At a meeting with the Minister for the Environment John Gormley and Minister of State Ciaran Cuffe, IFA President John Bryan set down a clear marker that the concerns of the farming and agricultural sector must be fully addressed in the forthcoming climate change legislation.
Mr Bryan told the Minister that it was unacceptable that any legislation would go beyond any obligations set out by the European Union, or that would damage the potential of the Irish agricultural sector to expand production as set out in the Food Harvest 2020 Report.
John Bryan said, “the proposals must fully recognise the many positives around agriculture, especially our sustainable model of farming and the carbon sink in both our permanent pasture and our forestry. These benefits and those accruing from bio-energy and other renewables must be allocated directly to agriculture as part of this legislation.”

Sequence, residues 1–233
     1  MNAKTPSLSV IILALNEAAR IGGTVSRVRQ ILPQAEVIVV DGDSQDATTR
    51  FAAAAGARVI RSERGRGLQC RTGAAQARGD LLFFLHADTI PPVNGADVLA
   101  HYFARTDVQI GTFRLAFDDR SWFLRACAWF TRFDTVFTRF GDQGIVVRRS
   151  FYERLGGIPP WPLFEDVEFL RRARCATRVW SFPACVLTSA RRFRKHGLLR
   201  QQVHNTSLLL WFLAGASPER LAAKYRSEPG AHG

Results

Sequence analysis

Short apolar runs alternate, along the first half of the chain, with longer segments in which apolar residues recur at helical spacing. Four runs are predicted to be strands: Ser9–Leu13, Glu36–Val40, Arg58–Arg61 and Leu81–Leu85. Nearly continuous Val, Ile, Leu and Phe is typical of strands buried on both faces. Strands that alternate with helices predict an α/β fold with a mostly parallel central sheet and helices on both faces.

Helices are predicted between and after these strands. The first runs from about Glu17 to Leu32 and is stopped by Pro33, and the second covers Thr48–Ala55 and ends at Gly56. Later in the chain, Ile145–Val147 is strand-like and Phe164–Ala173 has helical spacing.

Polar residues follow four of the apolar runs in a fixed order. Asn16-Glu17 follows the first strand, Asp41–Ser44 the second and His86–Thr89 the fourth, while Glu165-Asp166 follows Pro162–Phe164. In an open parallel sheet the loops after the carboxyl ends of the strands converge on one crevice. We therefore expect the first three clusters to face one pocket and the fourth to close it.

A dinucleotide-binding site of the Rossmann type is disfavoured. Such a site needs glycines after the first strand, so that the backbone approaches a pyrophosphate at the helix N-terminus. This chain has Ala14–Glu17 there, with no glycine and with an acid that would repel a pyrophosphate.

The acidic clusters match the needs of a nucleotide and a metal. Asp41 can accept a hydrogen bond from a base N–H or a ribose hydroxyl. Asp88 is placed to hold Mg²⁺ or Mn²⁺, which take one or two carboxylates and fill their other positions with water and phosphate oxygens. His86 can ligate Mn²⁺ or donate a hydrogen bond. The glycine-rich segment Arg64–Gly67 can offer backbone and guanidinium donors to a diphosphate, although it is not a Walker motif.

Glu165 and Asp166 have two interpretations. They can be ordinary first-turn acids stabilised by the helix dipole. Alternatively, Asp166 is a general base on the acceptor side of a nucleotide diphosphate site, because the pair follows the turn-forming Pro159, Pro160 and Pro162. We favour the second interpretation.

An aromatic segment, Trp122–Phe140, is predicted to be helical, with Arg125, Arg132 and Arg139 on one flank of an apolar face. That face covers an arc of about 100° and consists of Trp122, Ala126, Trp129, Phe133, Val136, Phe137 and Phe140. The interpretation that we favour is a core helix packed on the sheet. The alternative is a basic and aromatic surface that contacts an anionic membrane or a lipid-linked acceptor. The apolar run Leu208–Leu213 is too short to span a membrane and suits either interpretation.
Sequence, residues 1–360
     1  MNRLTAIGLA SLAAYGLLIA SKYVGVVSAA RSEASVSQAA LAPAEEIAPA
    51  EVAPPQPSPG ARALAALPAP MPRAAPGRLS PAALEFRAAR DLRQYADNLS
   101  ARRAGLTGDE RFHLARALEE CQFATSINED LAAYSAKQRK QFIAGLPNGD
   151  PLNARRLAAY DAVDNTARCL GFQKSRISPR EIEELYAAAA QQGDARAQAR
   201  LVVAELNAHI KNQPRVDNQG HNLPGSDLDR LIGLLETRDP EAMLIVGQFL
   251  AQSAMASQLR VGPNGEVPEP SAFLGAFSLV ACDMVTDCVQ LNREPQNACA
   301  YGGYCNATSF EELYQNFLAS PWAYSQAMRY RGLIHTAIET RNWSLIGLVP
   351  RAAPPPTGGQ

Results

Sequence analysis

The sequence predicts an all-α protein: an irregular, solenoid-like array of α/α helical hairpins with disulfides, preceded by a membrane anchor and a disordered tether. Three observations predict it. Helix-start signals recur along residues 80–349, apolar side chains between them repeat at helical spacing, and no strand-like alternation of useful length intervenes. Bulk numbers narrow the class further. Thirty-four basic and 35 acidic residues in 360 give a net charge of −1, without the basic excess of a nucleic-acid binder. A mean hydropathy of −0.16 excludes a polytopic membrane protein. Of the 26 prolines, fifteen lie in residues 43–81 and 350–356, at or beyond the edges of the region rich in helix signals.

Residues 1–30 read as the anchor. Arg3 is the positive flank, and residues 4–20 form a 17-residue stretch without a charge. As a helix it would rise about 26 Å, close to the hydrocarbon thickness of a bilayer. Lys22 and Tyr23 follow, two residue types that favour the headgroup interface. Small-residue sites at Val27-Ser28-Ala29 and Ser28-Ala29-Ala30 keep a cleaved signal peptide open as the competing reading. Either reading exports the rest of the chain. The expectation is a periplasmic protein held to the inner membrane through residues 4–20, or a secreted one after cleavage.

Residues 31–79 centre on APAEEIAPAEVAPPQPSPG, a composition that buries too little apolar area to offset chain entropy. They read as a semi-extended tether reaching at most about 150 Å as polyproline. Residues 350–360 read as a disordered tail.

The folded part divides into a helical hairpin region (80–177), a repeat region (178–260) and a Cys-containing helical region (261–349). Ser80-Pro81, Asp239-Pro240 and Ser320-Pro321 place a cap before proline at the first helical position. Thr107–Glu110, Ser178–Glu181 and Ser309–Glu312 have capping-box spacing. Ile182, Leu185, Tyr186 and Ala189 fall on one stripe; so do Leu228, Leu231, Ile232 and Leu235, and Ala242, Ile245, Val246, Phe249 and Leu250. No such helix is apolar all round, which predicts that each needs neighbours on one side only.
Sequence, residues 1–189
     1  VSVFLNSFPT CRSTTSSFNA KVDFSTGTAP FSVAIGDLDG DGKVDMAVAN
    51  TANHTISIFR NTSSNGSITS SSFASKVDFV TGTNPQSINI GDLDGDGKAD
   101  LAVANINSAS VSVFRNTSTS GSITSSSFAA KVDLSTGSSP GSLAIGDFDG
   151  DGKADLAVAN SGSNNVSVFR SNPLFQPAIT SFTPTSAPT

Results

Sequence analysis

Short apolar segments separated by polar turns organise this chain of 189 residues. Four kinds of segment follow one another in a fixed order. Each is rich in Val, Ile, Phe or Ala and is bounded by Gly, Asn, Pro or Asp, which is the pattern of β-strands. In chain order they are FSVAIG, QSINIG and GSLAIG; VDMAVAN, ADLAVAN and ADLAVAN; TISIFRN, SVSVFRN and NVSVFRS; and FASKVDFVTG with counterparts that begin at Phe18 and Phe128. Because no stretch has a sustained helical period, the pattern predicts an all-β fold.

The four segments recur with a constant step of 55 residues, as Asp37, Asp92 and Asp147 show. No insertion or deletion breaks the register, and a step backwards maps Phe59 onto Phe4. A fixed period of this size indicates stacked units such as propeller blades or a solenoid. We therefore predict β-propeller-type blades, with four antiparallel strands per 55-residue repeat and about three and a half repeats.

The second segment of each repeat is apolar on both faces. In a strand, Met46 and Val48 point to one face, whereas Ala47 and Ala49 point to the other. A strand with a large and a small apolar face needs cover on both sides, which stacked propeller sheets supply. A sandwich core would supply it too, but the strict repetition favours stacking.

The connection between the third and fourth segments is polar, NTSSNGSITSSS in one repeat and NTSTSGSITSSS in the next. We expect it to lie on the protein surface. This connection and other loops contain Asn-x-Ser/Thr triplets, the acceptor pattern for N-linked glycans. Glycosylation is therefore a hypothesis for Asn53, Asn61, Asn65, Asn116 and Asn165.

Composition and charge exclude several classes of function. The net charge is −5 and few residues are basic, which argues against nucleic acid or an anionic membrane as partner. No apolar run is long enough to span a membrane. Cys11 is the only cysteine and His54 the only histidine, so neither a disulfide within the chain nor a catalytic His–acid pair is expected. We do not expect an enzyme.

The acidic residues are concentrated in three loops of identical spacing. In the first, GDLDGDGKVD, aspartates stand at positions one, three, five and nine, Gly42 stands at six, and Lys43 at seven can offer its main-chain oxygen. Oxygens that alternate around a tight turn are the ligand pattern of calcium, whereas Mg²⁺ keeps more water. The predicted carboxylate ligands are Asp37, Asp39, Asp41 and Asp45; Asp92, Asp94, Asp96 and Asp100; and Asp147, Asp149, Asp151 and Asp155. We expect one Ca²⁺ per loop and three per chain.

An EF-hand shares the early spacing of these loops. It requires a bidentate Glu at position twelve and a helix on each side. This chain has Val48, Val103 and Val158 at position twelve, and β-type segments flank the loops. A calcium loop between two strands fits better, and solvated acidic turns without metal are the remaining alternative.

The IFA delegation said the unique role of agriculture and food in the Irish economy must be recognised in the proposed legislation. “If we fail to develop our low-carbon, sustainable model of food production, and the opportunity that exists to grow jobs and exports, it will be a disaster for the country’s economic recovery.”
Concluding, the IFA President said, “Ireland’s grass-based production system ensures that we produce beef and milk with lower carbon intensity than other exporting nations. Over the past 20 years emissions from milk and beef production have all declined in Ireland. We have a low carbon model of food production and Government policy must not undermine the sector’s ability to drive exports and jobs as part of our economic recovery.”